While pop divas like Katy Perry and Lady Gaga have impressive strategic plans for their upcoming albums, news from Beyonce's camp suggest things are more chaotic over there. Sources told the Hollywood Reporter she recently scrapped 50 songs and is starting over, despite having the promotional push of the Superbowl and a world tour.
Is it fair to say Jack White's an all-around good guy? First, he may have donated money to a Detroit baseball field. Then he pitches in to save the city's historic Masonic Temple. And now he's made a generous $200,000 donation to the National Recording Preservation Foundation. Three cheers for this former guest!
Influential guitar player and songwriter J.J. Cale died this week at age 74. Countless musicians have covered Cale over the years, from Captain Beefheart to Neil Young. And to honor him, Jim and Greg play one of Young's favorites, "Crazy Mama."Go to episode 401
Capitol Hill continues to hear from the rock world this week as they conduct hearings on the Performance Rights Act. One of those testifying before our nation's lawmakers is Smashing Pumpkins singer Billy Corgan. Corgan is one of many artists who support a bill that would insure that musicians are paid for radio broadcast performances just as songwriters already are. As Jim and Greg explain, for a long time radio was able to respond to pleas for additional royalties by saying that radio airtime is like an advertisement for musicians. But, now that the landscape of radio has changed, they can no longer make this claim. Fewer and fewer artists are able to use radio as a publicity tool. What was Congress‘ response to this problem? Work it out and learn to play nice, because you can’t afford for us not to intervene.
In other royalty-related news, a verdict came down last week in a case that could have dramatically changed the way artists are paid for their music. Two Detroit producers who had a hand in Eminem's 1999 album The Slim Shady LP sued Universal Music over payments on ringtones and digital downloads. The producers claim they were shortchanged, but according to a Los Angeles jury, the label can continue doing business as usual. This was lucky news to the music industry, according to our hosts. In today's dying music business, digital revenue is looked at as a saving grace.Go to episode 172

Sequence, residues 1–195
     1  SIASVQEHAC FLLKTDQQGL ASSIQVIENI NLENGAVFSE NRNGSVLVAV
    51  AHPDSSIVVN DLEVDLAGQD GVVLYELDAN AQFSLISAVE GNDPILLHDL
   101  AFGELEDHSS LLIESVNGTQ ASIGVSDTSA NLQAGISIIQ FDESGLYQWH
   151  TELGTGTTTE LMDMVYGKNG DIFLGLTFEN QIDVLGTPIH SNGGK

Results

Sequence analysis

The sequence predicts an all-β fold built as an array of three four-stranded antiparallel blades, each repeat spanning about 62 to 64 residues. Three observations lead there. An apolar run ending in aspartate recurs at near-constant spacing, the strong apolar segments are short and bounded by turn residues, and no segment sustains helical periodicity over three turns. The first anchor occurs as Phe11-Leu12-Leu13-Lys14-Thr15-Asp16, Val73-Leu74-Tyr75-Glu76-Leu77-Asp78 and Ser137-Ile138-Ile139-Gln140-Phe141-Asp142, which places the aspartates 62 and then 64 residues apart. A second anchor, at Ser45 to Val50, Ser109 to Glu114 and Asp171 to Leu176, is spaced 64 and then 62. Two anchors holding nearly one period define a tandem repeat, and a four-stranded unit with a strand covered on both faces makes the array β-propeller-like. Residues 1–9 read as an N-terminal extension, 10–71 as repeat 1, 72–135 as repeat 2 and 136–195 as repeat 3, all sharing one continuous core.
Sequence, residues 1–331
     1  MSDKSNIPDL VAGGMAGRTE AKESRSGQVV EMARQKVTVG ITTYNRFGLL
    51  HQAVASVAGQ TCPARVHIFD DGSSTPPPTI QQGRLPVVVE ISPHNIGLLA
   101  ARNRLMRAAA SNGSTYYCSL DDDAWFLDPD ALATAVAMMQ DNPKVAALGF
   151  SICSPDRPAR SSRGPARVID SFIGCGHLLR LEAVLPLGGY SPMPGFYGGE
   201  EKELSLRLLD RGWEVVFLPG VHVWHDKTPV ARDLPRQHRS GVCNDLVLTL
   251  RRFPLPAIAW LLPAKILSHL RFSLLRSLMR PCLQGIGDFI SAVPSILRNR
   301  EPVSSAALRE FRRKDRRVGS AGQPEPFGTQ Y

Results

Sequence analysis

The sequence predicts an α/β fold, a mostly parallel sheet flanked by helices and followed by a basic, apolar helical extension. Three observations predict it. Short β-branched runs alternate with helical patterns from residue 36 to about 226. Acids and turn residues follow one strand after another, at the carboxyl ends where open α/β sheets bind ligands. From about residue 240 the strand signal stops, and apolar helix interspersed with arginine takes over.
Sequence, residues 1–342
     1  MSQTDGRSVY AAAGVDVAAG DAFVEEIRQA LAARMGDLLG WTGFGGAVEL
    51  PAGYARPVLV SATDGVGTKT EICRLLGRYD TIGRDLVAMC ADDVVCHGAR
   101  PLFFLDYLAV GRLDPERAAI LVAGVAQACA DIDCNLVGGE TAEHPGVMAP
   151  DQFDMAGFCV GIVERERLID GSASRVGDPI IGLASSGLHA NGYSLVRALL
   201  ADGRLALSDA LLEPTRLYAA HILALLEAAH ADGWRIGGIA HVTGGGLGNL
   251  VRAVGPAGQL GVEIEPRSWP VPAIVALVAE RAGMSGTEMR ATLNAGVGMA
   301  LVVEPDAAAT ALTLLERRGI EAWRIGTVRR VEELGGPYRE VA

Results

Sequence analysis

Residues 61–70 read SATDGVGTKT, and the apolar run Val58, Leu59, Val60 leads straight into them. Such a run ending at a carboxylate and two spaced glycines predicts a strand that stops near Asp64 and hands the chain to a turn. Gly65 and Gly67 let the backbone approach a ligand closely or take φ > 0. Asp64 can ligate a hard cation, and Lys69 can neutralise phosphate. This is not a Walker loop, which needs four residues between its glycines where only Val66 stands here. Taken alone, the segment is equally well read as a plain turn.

Is a fake Louis Vuitton bag the same thing as a shared music file? According to the Department of Homeland Security, it is. Recently they shut down over eighty websites that engaged in pirating or counterfeiting. This mostly included sites related to counterfeit clothing and other goods, but there were also sites that they felt facilitated illegal sharing of music or movie files. These sites were not given prior warning, and Jim and Greg wonder if Homeland Security was asking the right questions before the crackdown.
A few years ago MySpace was the place to connect with people and discover new music. And, while it's still a valuable tool for bands to post their tunes, its business pales in comparison to Facebook. For that reason, Rupert Murdoch and News Corp are considering selling the site. They raised eyebrows when they first purchased MySpace for $580 million in 2005. It's amazing what changes five years can bring.